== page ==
User can delete deactivated images

Bug #1522524 reported by Niall Bunting on 2015-12-03
260
This bug affects 1 person
Affects Status Importance Assigned to Milestone
Glance
Wishlist
Niall Bunting
OpenStack Security Advisory
Undecided
Unassigned

Bug Description

Overview:

In glance once an admin has marked a image as deactivated a user can no longer download or delete that image. This is so an image can be inspected by the admins without the user interfering.
However, these restrictions can be avoided specifically allowing a user to delete a deactivated image. Meaning an admin would not be able to guarantee the status of a deactivated image.

What should happen: 403 What does happen: 200

How to reproduce:
1. Create an image.
echo test | glance image-create --name 3 --container-format bare --disk-format raw

2. Deactivate the image.
glance image-deactivate 0630d5e4-6009-4723-94e6-1ad056ab649a

3. Check image is deactivated.
glance image-show 0630d5e4-6009-4723-94e6-1ad056ab649a

4. Using the v1 API delete the image.
curl -X DELETE http://localhost:9292/v1/images/0630d5e4-6009-4723-94e6-1ad056ab649a -H 'X-Auth-token: 108322e43f6346ebadb3c2fb72831913'

5. Image is now gone.
glance image-show 0630d5e4-6009-4723-94e6-1ad056ab649a

Since this report concerns a possible security risk, an incomplete security advisory task has been added while the core security reviewers for the affected project or projects confirm the bug and discuss the scope of any vulnerability along with potential solutions.

Can the user delete an image deactivated by the admin ?

description: updated
Stuart McLaren (stuart-mclaren) wrote :

Our default policy seems to allow users to deactivate their own images. (I'm a bit surprised -- I thought that would have been an admin only operation.)

Can you try updating the policy (role:admin) and trying again.

Also, can you compare v1 and v2 behaviour? Thanks.

Niall Bunting (niall-bunting) wrote :

Updated the policy on my machine and still works. It seems to happen on both v1 and v2.

Niall Bunting (niall-bunting) wrote :

Can the user delete an image deactivated by the admin ? - Yup i think that is the case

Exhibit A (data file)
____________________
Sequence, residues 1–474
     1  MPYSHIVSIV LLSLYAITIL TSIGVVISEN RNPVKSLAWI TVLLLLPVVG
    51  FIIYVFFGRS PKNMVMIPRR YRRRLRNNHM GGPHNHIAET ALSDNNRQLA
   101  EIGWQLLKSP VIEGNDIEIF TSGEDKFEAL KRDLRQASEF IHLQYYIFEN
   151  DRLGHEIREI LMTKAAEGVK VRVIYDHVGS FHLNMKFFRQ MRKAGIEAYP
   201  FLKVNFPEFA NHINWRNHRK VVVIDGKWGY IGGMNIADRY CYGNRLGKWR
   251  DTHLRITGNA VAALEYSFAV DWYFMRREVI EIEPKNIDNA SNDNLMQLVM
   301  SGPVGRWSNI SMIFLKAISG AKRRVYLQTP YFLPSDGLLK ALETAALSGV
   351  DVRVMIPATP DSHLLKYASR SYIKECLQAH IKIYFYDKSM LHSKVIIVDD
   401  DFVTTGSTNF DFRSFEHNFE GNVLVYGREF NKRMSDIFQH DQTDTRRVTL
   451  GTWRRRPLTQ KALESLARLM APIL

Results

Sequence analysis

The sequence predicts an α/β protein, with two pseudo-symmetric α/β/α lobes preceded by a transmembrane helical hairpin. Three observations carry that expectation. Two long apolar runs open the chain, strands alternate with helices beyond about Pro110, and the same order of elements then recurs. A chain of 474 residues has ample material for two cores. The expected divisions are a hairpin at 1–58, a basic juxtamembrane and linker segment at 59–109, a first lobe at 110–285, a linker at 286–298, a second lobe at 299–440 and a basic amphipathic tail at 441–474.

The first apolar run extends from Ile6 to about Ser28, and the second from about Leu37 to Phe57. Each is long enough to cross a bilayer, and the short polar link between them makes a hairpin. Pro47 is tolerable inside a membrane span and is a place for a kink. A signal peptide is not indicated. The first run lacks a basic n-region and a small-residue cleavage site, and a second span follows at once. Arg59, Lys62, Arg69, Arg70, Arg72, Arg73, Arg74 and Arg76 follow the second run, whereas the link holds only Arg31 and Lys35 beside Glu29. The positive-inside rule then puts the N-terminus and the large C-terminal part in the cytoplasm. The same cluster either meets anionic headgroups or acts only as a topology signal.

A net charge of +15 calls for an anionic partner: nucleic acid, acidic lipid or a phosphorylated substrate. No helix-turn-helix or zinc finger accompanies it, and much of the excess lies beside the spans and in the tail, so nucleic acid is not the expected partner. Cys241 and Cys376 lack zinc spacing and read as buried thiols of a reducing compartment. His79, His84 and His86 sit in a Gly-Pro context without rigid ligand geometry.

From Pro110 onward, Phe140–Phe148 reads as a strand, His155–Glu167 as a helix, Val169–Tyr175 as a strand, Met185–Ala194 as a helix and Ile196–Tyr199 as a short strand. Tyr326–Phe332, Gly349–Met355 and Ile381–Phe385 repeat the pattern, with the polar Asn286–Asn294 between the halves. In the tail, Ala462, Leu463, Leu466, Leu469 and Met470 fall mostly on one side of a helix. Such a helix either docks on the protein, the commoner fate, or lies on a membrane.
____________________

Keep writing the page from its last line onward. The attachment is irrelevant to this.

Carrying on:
Stuart McLaren (stuart-mclaren) wrote :

Thanks Niall.

Good catch.

I don't think you should be able to delete an image that an admin has deactivated before they've had a chance to download/ inspect it.

Changed in glance:
status: New → Confirmed
Changed in glance:
assignee: nobody → Niall Bunting (niall-bunting)
Niall Bunting (niall-bunting) wrote :

This patch fixes the problem by checking the image is in the deactivated state. It also allows admins to continue o download these images.

Stuart McLaren (stuart-mclaren) wrote :

Thanks Niall.

Couple of minor comments:

Why does the v2 admin test return HTTPBadRequest?

v1 has log level warn, v2 has debug - they should probably be the same. (The msg might as well be the same also.)

Niall Bunting (niall-bunting) wrote :

This contains a patch that addresses the issues raised by Stuart.

Grant Murphy (gmurphy) wrote :

First draft of impact description -

Title: Lack of ACL on deactivated image deletion request
Reporter: Niall Bunting (HPE)
Products: Glance
Affects: >=2015.1.0

Description:
Niall Bunting of Hewlett Packard Enterprise (HPE) reported a
vulnerability in Glance. Due to a failure to properly restrict
access controls a user may delete images that have been deactivated
by an administrator. A tenant may abuse this flaw to hide malicious
activities from an administrator. All Glance deployments are affected.

Changed in ossa:
status: New → Confirmed

Note that this behaviour is implemented as described in the relevant spec.

That said, I wonder if we should consider changing the behaviour to prevent deletion.

Niall Bunting (niall-bunting) wrote :

Just to add to what Stuart said it is here: https://github.com/openstack/glance-specs/blame/master/specs/kilo/deactivate-image.rst#L36-L37

However I personally consider it a design flaw.

Seeing the behaviour is as per the (public) spec we can probably make this bug publically viewable.

Grant, I think the affect line should be "<= 2015.1.2, ==11.0.0" (because after the fix is merged, the proposed statement won't be true). Also it is worth noting that user can only delete deactivated images he owns right ?

I agree with Niall, it's a design flaw since the intent of that spec is to 'put the image "on hold" preventing instances from being built with it until it has be properly examined'. If the user can delete and prevent examination, then it's an issue.

However I also think this could be made public and fixed on gerrit directly.

Niall Bunting (niall-bunting) wrote :

@Tristan Yeah they can only delete their own images.

information type: Private Security → Public Security
description: updated

Fix proposed to branch: master
Review: https://review.openstack.org/256381

Changed in glance:
status: Confirmed → In Progress

Just to provide some context here ...

The 'deactivate' command was designed as a means of preventing consumption of an image someone had reported as malicious while an operator investigated the image. If the user deletes the image, this accomplishes that goal.